“Exercise is moderately more effective than a control intervention for reducing symptoms of depression, but analysis of methodologically robust trials only shows a smaller effect in favour of exercise. When compared to psychological or pharmacological therapies, exercise appears to be no more effective, though this conclusion is based on a few small trials.” Cooney, G. M. et al. (2013)

why most studies on this topic are flawed (in layman)?

The key flaw in these studies is that exercise as a treatment for depression is very hard to isolate as the single factor affecting change in depression. Hence a researcher can stick his hand up and say ‘exercise lowers depression!’. At best exercise is said to correlate with lower rates of depression.

if your not exercising yet, here are some useful points regarding depression:

  • Which sport you do, isn’t as important as simply doing exercise. Do the exercise you feel happiest doing.
  • The largest antidepressant effects of exercise are found in training programs that are at least 9 weeks long (Weinberg and Gould 2011).
  • Intensity isn’t important. If you’re new to exercise, exercise at the intensity that feels best for you.
  • The most acute antidepressant effects of exercise can last up to 24h; regular training is important.
  • It doesn’t matter who you are, how old you are, whether you are fit or unfit, exercise, suffering from depression or not, exercise will help reduce anxiety.

my perspective

Personally, when I was cycling professional I don’t think exercise contributed to a healthier mind. But now I work just on studying, training and this project (SMS) and I find exercise necessary to bring balance to my life.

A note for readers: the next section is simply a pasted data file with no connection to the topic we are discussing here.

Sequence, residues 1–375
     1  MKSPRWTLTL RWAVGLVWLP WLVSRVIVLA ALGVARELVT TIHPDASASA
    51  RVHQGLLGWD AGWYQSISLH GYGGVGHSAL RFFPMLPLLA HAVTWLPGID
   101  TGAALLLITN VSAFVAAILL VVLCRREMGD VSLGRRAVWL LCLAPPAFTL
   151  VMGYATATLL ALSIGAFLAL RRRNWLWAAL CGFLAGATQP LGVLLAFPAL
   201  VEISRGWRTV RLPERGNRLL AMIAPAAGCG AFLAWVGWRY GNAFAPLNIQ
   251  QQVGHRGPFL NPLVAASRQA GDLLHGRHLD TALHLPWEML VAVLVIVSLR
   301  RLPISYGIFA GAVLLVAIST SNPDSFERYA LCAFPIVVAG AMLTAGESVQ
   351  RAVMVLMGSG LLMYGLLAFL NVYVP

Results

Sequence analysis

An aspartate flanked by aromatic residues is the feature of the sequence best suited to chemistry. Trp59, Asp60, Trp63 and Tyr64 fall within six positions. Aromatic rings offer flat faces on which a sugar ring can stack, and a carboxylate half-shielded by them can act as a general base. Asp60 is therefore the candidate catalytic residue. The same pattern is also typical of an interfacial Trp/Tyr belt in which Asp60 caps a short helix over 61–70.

final note

Whether you are depressed or not, exercise really is as close to a miracle drug as there is. This is so much so I often wonder if it can be true, however time and again exercise stands up to the scrutiny. There are no short cuts: get exercising, it’s worth many time the effort you put in.

has sported helped you? What do you think of using sport in helping depression?


Gøtzsche, P. (2014) ‘Psychiatric drugs are doing us more harm than good’ The Guardian. [Online] 30 April 2014. [Accessed on 30th April 2014] URL:

Weinberg, R. S. and Gould, D (2011) Foundations of Sport and Exercise Psychology, 5th ed. Champaign: Human Kinetics. pp. 397-402.

Cooney, G. M. Dwan, K. Greig, C. A. Lawlor, D. A. Rimer, J. Waugh, F. R. McMurdo and M. Mead, G. E. (2013) ‘Exercise for depression’, Cochrane Database of Systematic Reviews, Issue 9, John Wiley & Sons, Ltd. [no page number]

Lawlor, D. A. Hopker, S. W. (2001) ‘The effectiveness of exercise as an intervention in the management of depression: systematic review and meta-regression analysis of randomised controlled trials’, British Medical Journal, 322(7289), pp. 763.

Did you enjoy this post?

Sign up to my newsletter (sent about once a month) to keep up to date with all the latest training tips and info from the Algarve.
* = required field

Leave a Reply